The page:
Bishop: Turkey’s Catholics are safe because they stay out of politics
July 22, 2016
As Turkish President Recep Tayyip Erdogan continued his crackdown, assuming unprecedented powers through a state of emergency and suspending adherence to a human rights treaty, one of the nation’s bishops said that Catholics are safe because they stay out of politics.
“All the current difficulties are linked to political events, and we don’t touch such issues or take any part in demonstrations,” Bishop Rubén Tierrablanca Gonzalez told Catholic News Service. “Thanks to this, our Church’s members are safe.”
In April, the 63-year-old Franciscan, who hails from Mexico and ministered in El Paso, Rome, and Turkey, was named the Latin-rite apostolic vicar of Istanbul and apostolic administrator of the nation’s Greek Catholics. A curial prelate, Cardinal Leonardo Sandri, ordained him a bishop on June 11.
“Of course, we’re not happy about what’s happened, but we’ll continue to encourage and support our faithful,” Bishop Tierrablanca added. “We hope the situation will improve without bringing us further troubles, but there are problems here which can’t be tackled in a short time.”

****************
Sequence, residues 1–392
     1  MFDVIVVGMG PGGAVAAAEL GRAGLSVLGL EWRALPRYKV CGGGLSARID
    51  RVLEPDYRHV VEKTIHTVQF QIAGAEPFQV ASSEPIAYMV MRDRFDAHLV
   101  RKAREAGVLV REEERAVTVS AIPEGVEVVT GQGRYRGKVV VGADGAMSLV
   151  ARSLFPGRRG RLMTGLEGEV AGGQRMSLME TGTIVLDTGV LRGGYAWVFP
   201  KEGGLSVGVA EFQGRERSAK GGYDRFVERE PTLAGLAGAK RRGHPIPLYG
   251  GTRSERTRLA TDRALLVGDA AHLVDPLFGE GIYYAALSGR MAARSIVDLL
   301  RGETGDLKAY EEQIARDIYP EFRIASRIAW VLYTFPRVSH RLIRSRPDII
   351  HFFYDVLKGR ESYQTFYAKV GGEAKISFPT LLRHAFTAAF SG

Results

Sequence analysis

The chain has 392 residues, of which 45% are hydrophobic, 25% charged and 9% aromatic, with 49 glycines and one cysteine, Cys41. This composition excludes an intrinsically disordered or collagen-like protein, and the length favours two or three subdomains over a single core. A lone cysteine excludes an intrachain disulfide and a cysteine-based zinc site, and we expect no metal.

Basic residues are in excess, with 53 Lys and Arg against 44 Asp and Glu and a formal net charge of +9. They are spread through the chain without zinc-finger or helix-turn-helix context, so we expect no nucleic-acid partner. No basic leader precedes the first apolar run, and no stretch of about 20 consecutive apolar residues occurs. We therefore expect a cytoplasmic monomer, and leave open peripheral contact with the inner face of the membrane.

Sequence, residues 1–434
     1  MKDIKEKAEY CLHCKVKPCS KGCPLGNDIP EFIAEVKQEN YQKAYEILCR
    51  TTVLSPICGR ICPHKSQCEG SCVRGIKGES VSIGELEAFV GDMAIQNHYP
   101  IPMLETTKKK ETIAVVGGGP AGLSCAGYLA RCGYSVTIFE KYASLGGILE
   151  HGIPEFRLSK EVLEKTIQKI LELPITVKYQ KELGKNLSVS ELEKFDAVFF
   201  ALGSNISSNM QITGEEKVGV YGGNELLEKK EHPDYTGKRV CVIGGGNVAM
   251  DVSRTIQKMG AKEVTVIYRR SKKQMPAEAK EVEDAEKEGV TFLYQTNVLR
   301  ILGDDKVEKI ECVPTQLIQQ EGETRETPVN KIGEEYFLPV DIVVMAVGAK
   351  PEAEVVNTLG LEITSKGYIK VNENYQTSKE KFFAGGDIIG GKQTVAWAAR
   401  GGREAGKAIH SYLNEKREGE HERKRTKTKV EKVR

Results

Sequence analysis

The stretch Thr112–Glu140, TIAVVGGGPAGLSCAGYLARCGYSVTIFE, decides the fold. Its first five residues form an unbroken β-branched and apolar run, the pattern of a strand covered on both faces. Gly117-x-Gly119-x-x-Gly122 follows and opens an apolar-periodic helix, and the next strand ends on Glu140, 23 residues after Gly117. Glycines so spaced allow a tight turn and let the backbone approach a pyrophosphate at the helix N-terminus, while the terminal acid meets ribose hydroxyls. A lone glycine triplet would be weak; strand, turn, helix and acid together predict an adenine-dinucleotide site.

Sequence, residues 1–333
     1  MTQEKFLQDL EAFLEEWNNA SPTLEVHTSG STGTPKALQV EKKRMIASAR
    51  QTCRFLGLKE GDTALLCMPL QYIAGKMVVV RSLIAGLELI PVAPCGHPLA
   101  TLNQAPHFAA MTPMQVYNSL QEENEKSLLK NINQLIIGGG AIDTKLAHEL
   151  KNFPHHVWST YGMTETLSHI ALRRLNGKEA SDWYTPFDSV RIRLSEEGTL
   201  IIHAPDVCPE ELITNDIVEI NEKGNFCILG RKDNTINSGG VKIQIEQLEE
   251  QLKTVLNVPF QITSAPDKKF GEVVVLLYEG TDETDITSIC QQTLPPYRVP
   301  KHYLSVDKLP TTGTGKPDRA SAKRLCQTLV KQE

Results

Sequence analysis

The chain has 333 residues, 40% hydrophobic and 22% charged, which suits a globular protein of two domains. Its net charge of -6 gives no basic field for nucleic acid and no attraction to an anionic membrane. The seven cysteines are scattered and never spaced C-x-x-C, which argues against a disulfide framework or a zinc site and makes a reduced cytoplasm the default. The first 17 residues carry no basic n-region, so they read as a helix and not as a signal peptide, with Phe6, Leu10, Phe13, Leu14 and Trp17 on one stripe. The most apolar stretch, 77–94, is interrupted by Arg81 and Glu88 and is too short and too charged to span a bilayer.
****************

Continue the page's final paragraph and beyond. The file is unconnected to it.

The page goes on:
Turkey is 99.8% Sunni Muslim, and only 47,000 of the nation’s 75 million people are Catholic.
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- Turkey’s Catholics watchful during crackdown after failed coup (CNS)
- Turkey suspends European Convention on Human Rights amid fears of further crackdown (The Telegraph)
- Turkey coup attempt: State of emergency announced (BBC)
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